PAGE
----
For the second time in a week, an elected state official has gone before a federal judge on bribery and corruption charges.
Bronx State Assemblyman Eric Stevenson, seen above, was arrested Thursday morning and then released on $250,000 bond Thursday following a brief court appearance in Lower Manhattan.
He is due back in court on May 6.
Stevenson, along with four other defendants, including Bronx Assemblyman Nelson Castro,- who has now resigned, were named in the latest indictment by federal prosecutors Thursday morning.
U.S. Attorney Preet Bharara says Stevenson, a Democrat representing the Assembly's 79th District, accepted more than $22,000 in bribes from four other defendants who were trying to open so-called adult day care centers in the Bronx.
In return for the money, Stevenson allegedly pushed legislation in Albany to help create moratoriums to prevent competing centers from opening.
The alleged legislation would have prohibited the construction of new senior centers in New York City for three years, effectively giving the businessmen a monopoly.
According to the complaint, one of the defendants predicted they would triple their profits if the bill passed.
"Those allegations, if proven, represent an especially breathtaking bit of corruption, even by Albany standards," Bharara said. "Those allegations represent the corrupt sale of an elected representative's core duty, the legislator selling legislation."
According to Thursday's complaint, Stevenson is also said to have contacted Con Edison on behalf of the defendants to help them get a gas line put into one of their centers and allegedly recruited senior citizens to go to another center as well.
Among the senior centers named is the Edward Stevenson Better Life Senior Center, named after his grandfather, a former state assemblyman.
Bharara said the cash exchanges outlined in the complaint began in April 2012 and took place at multiple locations including a Bronx steakhouse and a bathroom at the State Capital.
In one recorded exchange with a cooperating witness, Stevenson is alleged to have brushed off the possible implications of accepting bribes saying, "Bottom line, if half of the people up here in Albany was ever caught for what they do, they would probably be in [jail]. So who are they bull--------?"
"It makes you wonder, when you have dozens and dozens of people, and you've had other people who have been arrested, and you know how the world works, and you know there is a corruption culture problem, it makes you wonder," Bharara said. "You're a thinking citizen. How much other stuff is out there?"
Stevenson's attorney, Murray Richman, told reporters after the Monday court appearance that his client fight the charges.
"I've known the Stevenson family for the past 50 years. I knew his father, his grandfather as well. It's sad to see these charges brought," Richman said. "I have no doubt, in the final analysis, that Eric Stevenson will be exonerated of all the charges that are here."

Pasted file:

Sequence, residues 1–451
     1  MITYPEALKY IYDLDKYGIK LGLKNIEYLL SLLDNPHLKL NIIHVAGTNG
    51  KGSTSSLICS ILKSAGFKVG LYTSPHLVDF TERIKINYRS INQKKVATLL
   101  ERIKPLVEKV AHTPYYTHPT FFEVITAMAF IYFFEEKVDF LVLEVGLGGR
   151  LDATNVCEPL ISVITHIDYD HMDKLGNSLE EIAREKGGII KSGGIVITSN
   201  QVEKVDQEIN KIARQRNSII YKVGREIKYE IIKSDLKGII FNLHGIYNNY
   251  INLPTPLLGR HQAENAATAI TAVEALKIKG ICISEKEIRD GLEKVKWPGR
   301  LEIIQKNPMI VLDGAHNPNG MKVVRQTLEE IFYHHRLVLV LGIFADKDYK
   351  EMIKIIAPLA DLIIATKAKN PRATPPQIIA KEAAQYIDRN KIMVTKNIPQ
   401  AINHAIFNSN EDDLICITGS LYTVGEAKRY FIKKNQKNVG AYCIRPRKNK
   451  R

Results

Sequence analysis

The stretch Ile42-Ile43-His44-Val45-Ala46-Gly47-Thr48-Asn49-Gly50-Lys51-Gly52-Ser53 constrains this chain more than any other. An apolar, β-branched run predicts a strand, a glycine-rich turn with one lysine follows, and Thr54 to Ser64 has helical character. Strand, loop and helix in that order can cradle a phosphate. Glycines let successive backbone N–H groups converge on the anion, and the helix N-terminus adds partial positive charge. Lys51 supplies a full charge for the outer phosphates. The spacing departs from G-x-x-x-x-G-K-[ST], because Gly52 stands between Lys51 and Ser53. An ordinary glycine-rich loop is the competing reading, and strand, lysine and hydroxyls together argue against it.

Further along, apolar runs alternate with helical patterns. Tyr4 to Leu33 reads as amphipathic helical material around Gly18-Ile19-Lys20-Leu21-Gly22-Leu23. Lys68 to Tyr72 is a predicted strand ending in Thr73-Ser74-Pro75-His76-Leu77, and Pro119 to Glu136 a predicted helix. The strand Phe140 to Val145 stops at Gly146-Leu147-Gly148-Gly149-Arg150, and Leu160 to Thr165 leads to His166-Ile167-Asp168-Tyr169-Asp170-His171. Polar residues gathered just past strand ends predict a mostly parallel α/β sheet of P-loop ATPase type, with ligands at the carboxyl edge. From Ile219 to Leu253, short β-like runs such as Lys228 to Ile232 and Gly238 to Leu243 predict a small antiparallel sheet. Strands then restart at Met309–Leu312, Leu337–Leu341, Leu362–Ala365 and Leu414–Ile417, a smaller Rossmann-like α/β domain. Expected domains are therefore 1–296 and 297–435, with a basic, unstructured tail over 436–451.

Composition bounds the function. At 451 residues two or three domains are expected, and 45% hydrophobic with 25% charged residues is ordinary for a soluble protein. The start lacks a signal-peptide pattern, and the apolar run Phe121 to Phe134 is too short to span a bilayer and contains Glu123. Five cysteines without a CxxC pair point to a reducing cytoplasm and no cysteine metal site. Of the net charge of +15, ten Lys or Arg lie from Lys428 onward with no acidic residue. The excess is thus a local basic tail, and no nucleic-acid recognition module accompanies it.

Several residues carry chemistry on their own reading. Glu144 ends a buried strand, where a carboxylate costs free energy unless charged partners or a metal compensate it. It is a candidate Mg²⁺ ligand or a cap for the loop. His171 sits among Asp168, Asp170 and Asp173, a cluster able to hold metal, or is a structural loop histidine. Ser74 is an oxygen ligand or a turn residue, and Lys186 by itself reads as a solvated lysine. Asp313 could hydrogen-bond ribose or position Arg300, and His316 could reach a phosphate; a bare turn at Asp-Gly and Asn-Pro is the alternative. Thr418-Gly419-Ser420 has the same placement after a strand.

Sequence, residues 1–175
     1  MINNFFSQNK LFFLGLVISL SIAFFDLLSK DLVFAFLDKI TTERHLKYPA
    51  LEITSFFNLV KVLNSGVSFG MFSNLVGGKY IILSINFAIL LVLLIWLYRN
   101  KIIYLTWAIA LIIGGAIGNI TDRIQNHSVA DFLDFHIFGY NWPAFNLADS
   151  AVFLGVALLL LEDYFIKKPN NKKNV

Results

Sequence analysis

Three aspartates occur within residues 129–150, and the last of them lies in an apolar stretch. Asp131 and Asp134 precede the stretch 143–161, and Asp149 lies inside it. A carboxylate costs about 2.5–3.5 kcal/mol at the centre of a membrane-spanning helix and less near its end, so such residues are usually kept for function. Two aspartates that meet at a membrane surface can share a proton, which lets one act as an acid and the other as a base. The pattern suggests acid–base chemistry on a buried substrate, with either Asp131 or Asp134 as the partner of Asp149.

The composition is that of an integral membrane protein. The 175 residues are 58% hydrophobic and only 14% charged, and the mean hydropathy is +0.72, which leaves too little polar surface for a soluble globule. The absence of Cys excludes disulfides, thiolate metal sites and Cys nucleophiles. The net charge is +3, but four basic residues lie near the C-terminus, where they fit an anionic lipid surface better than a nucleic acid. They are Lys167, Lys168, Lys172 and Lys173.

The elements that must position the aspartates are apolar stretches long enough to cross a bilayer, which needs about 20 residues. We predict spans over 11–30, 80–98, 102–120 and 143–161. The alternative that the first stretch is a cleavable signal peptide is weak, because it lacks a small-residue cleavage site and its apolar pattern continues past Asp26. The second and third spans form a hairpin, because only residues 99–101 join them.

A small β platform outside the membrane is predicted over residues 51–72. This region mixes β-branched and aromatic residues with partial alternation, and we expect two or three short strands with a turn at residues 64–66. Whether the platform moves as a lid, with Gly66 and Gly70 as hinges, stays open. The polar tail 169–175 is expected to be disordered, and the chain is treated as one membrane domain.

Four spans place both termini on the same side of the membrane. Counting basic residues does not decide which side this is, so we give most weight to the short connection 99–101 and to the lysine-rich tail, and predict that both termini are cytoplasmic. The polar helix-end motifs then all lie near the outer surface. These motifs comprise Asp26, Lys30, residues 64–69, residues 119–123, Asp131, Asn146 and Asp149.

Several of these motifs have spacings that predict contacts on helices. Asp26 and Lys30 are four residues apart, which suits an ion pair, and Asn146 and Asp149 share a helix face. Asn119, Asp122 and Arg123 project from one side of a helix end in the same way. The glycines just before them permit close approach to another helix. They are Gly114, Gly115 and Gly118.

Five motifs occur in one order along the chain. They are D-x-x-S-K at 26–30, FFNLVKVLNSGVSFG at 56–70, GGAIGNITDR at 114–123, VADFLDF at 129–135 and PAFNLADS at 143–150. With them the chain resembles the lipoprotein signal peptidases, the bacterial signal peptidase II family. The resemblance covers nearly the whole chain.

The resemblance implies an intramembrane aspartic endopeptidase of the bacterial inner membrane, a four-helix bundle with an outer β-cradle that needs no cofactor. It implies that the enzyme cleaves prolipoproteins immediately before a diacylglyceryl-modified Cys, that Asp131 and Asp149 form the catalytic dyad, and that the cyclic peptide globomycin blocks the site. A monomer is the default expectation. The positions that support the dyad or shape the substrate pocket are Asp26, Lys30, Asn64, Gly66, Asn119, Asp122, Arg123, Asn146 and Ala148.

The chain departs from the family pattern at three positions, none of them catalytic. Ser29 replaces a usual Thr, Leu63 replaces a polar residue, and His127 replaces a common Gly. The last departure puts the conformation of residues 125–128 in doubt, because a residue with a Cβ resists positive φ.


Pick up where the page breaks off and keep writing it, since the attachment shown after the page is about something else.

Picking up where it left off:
Additionally, the complaint states that two of the defendants in the case are charged with bribing "Assemblyman-1", who was later identified as Democratic Assemblyman Nelson Castro of the Bronx.
The complaint goes on to say Castro, who represents the Assembly's 86th District, was cooperating with the government's investigation.
As part of the deal, U.S. attorneys have agreed to dismiss an indictment against him.
In a statement, Castro said in part, "It is my sincere hope that my constituents remember me most for the good I have done as their representative, rather than for the poor example I set as a candidate."
Castro's resignation takes effect on Monday.
Prosecutors say Thursday's complaint is not connected to the other charges unveiled Tuesday against State Senator Malcolm Smith and City Councilman Dan Halloran.
In a statement, Assembly Speaker Sheldon Silver said given the allegations facing Stevenson he is "encouraging him to resign."
Governor Andrew Cuomo said in part in a statement, "The allegations of public corruption by city and state officials revealed this week are appalling. New Yorkers deserve a government that is as good as the people it serves and the events of the last few days fail this and every standard of public service.... Those of us committed to the public and honored to hold its trust have zero tolerance for the actions brought to light this week, and will continue to use our power to fight to ensure integrity and trust to government in New York."
Assemblyman Stevenson wrote in his official biography that he worked for City Council Speaker Christine Quinn doing legislative research.
A spokesman for the speaker says Stevenson left the council in 2010 and does not work there any more.